# Sunday Afternoon Maths VIII

## Rebounds

In a 4x3 rectangle, a ball is fired from the top left corner at 45°.

It bounces around a rectangle until it hits a corner. Which corner does it end in?

Which corner will it end in for rectangles of other sizes?

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If mirrors were placed along the walls of the rectangle, the ball would appear to travel in a straight line across a grid of rectangles:

Viewed this way, the ball will still stop once it reaches a corner:

For an \(n\) by \(m\) (in above example: \(n=4\), \(m=3\)) rectangle, this will occur once the ball has travelled through \(\mathrm{lcm}(n,m)\) squares.

$$\mathrm{Let\ }a=\frac{\mathrm{lcm}(n,m)}{n}$$
$$\mathrm{Let\ }b=\frac{\mathrm{lcm}(n,m)}{m}$$

On its way to the corner, the ball will bounce \(b-1\) times off the top and bottom and \(a-1\) times off the sides. It can be seen that if \(a-1\) is even, then the ball will end in one of the corners on the right hand side. The complete results can be seen in the following

Carroll diagram:

| \(a-1\) odd | \(a-1\) even |

\(b-1\) odd | Top left | Top right |

\(b-1\) even | Bottom left | Bottom right |

It can be shown that the ball will never finish in the top left (where it started) as this would require it to travel through the bottom right first. Therefore the following holds:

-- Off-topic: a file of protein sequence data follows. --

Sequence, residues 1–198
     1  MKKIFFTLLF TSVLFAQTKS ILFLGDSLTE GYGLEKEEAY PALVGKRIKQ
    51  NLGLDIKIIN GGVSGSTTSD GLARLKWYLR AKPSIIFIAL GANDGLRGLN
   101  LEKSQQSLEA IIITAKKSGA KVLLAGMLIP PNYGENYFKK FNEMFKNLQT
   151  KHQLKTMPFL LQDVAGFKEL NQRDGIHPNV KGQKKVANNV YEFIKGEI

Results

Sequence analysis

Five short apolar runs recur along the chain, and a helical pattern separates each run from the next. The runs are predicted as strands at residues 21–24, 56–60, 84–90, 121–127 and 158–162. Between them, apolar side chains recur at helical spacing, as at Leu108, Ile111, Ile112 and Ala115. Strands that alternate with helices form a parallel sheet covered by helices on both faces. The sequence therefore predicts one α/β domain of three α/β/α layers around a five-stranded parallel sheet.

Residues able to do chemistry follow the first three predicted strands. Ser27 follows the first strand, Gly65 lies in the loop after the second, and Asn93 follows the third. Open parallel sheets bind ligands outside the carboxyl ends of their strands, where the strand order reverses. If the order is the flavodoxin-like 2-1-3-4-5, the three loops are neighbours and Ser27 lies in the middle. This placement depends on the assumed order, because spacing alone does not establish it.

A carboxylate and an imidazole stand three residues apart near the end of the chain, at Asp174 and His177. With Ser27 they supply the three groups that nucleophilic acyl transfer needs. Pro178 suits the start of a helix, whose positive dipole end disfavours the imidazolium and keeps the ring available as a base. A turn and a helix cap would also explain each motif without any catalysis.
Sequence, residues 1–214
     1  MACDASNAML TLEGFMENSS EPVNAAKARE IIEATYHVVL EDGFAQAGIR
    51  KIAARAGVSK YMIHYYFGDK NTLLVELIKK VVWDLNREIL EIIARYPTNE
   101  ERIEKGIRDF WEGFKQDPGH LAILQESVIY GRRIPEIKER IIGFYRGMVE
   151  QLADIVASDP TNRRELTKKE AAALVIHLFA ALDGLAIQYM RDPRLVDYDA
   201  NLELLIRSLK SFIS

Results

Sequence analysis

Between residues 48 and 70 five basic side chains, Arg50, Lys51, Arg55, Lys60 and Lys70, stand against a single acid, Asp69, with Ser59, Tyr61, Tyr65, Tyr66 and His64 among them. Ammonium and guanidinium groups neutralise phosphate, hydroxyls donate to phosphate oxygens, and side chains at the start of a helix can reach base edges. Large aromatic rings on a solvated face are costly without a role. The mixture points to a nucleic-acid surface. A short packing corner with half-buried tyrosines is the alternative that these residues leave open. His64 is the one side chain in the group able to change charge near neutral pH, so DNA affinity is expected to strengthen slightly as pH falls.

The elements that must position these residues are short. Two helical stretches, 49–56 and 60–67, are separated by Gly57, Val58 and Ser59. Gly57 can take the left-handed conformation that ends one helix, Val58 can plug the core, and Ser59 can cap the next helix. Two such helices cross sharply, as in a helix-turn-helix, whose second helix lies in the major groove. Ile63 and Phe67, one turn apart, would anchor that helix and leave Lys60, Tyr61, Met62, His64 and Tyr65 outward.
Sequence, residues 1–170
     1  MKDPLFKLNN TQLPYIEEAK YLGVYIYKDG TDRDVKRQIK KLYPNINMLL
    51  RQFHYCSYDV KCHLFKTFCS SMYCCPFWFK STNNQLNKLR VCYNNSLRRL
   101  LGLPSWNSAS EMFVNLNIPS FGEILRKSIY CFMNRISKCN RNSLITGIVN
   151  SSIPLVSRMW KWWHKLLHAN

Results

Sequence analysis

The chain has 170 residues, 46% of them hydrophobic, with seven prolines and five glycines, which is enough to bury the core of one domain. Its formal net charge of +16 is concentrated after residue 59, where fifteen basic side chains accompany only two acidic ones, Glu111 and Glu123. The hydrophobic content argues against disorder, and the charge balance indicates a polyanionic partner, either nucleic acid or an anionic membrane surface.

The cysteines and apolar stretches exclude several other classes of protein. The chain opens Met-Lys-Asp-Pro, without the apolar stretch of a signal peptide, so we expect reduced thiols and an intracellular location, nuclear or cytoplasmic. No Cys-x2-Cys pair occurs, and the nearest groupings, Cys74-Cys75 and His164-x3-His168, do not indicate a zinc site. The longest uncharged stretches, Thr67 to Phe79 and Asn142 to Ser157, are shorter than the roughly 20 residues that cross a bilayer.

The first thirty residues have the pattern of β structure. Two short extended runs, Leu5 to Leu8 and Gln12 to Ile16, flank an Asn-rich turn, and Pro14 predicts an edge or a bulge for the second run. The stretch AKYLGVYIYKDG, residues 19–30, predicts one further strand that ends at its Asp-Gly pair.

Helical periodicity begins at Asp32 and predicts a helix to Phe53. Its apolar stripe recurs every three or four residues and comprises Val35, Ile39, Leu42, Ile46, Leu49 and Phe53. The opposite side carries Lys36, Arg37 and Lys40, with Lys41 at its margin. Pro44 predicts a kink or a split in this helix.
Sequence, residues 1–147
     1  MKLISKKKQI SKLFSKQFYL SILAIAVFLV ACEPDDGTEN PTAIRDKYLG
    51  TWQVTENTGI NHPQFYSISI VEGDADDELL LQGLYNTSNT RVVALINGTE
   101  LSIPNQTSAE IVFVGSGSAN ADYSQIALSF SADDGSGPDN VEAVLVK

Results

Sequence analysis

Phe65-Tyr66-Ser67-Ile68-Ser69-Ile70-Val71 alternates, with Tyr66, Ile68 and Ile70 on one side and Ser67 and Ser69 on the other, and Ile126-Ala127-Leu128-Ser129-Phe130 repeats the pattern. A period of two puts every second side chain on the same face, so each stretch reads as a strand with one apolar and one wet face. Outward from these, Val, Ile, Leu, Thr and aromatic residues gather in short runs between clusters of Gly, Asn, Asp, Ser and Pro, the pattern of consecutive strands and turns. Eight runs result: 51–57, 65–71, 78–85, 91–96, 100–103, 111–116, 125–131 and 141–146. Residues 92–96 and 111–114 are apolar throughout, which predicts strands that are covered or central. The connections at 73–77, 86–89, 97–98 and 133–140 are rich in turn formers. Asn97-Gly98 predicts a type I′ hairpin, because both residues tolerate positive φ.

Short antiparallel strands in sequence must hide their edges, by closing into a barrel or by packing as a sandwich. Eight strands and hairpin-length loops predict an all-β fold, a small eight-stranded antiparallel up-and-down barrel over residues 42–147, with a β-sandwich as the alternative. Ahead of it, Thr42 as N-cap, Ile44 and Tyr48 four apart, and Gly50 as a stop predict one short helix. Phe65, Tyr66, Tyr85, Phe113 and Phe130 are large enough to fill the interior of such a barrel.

| \(a\) even | \(a\) odd |

\(b\) even | | Top right |

\(b\) odd | Bottom left | Bottom right |

#### Extension

For which sizes of rectangle will the path of the ball make the same pattern?

## Complex squares

For which complex numbers, \(z\), are \(\mathrm{Re}(z^2)\) and \(\mathrm{Im}(z^2)\) both positive?

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Any complex number can be written in the form \(z=re^{i\theta}\).

This gives that \(z^2=r^2e^{2i\theta}\), which will have positive real and complex parts when \(0+2\pi n < 2\theta < \frac{\pi}{2}+2\pi n\).

This will occur when \(0 < \theta < \frac{\pi}{4}\) and \(\pi < \theta < \frac{5\pi}{4}\).

A complex number \(z\) falls in these regions when \(|\mathrm{Re}(z)|>|\mathrm{Im}(z)|\) and \(\mathrm{sign}(\mathrm{Re}(z))=\mathrm{sign}(\mathrm{Im}(z))\).

#### Extension

For which complex numbers, \(z\), are \(\mathrm{Re}(z^3)\) and \(\mathrm{Re}(z^3)\) both positive?

## Adding bases

Let \(a_b\) denote \(a\) in base \(b\).

Find bases \(A\), \(B\) and \(C\) less than 10 such that \(12_A+34_B=56_C\).

## Reverse bases again

Find three digits \(a\), \(b\) and \(c\) such that \(abc\) in base 10 is equal to \(cba\) in base 9?

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445 in base 10 is equal to 544 in base 7.

#### Extension

Find another pair of bases \(A\) and \(B\) so that there exist digits \(d\), \(e\) and \(f\) such that \(def\) in base \(A\) is equal to \(fed\) in base \(B\)?

## Two

Find \(a\) such that \(a+(a+A)^{-1}=2\), where \(A=(a+A)^{-1}\).

ie. \(a + \frac{1}{a + \frac{1}{a + \frac{1}{a + \frac{1}{...}}}} = 2\).

Find \(b\) such that \(b+(b+B)^{\frac{1}{2}}=2\), where \(B=(b+B)^{\frac{1}{2}}\).

ie. \(b + \sqrt{b + \sqrt{b + \sqrt{b + \sqrt{...}}}} = 2\).

Find \(c\) such that \(c+(c+C)^{2}=2\), where \(C=(c+C)^{2}\).

In terms of \(k\), find \(d\) such that \(d+(d+D)^{k}=2\), where \(D=(d+D)^{k}\).